The UK's financial watchdog plans to cut the time it takes to investigate companies and individuals by 30%.
The FSA wants to focus on fewer, more effective investigations
The Financial Services Authority (FSA) wants to refer cases more quickly and simplify documentation.
FSA chairman Callum McCarthy said that "the critical thing about enforcement is speed", adding that "justice delayed is justice denied".
The watchdog has handed out almost £23m
($42.6m) in fines since the end of 2001, when it took over regulation.
One of its most recent and high-profile cases was the investigation of newly appointed Marks & Spencer chief executive Stuart Rose.
The probe was launched after Mr Rose purchased M&S shares shortly before a takeover bid for the firm was launched.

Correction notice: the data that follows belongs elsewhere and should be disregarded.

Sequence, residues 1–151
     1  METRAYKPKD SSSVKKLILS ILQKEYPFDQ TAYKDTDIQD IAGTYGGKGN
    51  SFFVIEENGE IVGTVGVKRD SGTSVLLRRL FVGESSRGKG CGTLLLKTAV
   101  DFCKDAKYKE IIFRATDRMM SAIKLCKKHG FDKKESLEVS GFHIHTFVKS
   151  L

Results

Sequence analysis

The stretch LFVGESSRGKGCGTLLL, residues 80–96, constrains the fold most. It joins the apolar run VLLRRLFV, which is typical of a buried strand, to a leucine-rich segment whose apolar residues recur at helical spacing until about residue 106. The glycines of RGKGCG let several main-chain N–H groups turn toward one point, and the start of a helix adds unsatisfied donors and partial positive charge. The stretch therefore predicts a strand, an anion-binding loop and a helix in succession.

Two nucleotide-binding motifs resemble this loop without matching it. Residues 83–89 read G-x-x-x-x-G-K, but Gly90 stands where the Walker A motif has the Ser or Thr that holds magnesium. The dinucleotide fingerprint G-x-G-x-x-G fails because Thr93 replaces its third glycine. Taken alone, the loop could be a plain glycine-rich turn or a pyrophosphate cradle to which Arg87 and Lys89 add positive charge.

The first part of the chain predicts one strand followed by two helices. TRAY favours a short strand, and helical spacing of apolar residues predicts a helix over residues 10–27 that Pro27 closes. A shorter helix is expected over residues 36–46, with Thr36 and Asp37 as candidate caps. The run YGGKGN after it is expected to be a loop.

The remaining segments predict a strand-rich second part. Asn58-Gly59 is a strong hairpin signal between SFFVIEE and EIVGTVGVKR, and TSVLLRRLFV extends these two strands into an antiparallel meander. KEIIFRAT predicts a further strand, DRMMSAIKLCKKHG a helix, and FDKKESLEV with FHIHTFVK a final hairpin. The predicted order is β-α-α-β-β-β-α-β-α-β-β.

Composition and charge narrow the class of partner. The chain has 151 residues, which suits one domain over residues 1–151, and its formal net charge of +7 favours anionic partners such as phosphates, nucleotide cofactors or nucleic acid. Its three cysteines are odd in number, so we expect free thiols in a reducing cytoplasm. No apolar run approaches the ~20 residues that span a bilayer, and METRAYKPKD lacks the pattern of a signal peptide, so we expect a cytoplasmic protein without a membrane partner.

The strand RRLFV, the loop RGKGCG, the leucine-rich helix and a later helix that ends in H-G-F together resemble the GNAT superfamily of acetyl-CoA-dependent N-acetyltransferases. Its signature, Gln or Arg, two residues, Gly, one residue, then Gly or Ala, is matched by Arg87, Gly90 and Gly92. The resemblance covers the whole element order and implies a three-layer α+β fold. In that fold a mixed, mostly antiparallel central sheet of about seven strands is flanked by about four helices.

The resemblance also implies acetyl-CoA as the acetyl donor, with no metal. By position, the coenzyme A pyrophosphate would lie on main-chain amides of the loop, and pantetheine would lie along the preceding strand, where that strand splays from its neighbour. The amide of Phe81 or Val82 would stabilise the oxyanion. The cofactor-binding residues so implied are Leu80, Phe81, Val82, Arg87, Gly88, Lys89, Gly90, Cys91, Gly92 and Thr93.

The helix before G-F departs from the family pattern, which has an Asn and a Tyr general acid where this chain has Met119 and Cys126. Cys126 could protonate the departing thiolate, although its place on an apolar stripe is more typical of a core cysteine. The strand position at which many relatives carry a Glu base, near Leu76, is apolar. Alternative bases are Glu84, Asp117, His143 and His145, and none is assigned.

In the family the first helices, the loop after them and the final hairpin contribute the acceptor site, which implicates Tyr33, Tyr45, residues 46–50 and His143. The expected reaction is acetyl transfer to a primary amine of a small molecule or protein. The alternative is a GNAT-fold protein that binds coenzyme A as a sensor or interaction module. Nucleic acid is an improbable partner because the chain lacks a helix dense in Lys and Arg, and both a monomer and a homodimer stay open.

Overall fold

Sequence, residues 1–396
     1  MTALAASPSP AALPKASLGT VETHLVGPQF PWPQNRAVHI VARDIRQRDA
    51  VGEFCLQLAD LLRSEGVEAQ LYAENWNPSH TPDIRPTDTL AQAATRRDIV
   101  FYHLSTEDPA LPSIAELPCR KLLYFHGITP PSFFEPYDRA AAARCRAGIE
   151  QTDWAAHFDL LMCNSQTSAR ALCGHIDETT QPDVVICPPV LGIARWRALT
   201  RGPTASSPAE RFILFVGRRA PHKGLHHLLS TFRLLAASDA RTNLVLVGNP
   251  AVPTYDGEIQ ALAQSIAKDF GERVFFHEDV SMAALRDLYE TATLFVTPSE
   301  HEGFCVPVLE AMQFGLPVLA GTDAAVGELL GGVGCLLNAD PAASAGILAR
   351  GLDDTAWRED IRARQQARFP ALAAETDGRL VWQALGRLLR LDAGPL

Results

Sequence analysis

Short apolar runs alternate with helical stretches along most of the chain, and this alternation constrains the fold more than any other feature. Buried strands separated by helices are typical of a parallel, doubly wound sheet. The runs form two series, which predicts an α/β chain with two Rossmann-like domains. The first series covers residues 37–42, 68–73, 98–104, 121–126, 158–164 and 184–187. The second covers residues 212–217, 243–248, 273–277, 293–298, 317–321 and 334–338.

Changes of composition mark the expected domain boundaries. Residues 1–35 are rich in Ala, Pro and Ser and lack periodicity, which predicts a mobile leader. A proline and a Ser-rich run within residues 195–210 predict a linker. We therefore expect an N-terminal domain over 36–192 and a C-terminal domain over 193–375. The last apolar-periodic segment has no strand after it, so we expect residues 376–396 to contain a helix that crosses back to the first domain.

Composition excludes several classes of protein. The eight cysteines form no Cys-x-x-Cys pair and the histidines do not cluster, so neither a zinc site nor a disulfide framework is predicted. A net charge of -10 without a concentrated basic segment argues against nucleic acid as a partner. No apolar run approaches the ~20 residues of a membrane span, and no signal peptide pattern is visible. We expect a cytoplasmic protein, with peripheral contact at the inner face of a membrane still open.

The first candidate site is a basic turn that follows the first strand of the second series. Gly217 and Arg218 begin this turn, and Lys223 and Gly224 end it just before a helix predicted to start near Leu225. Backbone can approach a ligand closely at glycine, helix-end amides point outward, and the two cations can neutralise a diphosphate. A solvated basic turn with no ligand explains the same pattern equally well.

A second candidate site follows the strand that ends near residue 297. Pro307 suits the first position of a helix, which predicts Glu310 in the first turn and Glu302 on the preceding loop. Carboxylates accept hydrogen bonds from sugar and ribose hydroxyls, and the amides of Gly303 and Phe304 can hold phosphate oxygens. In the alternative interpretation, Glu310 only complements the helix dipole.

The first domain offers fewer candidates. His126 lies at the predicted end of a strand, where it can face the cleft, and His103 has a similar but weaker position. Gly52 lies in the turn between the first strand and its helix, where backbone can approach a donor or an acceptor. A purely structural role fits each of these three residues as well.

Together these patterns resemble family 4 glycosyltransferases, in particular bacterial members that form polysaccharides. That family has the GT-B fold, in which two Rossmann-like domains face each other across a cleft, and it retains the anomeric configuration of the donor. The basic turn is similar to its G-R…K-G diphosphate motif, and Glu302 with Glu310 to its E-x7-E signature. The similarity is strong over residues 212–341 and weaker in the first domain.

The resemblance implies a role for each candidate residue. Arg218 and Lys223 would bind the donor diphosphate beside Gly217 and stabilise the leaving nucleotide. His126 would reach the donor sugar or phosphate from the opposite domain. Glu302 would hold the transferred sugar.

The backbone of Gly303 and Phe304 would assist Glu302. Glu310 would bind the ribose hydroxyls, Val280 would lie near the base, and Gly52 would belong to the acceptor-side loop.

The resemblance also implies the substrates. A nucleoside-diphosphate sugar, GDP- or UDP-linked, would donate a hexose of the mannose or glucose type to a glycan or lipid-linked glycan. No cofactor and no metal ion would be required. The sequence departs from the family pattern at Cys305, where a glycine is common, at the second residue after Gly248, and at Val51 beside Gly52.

Even though the FSA is still looking into other suspicious share trades, Mr Rose's case was checked out, and dropped, within two weeks.
John Tiner, the FSA's chief executive, said that the investigation "was a high priority issue for us".
Speaking after the regulator's annual meeting, he explained that: "What we are much better at now than we have been in the past is prioritising where to put our resources," he said.
Mr Tiner went on to say that the FSA would try to bring fewer, more effective, investigations.
The watchdog also said it wants to ease the testing related to money laundering, fearing that the current strict requirements may exclude many people from the financial system.
"I do think that perhaps the pendulum has swung too far," said Mr Tiner. "The industry needs to be more creative about what they are trying to protect against."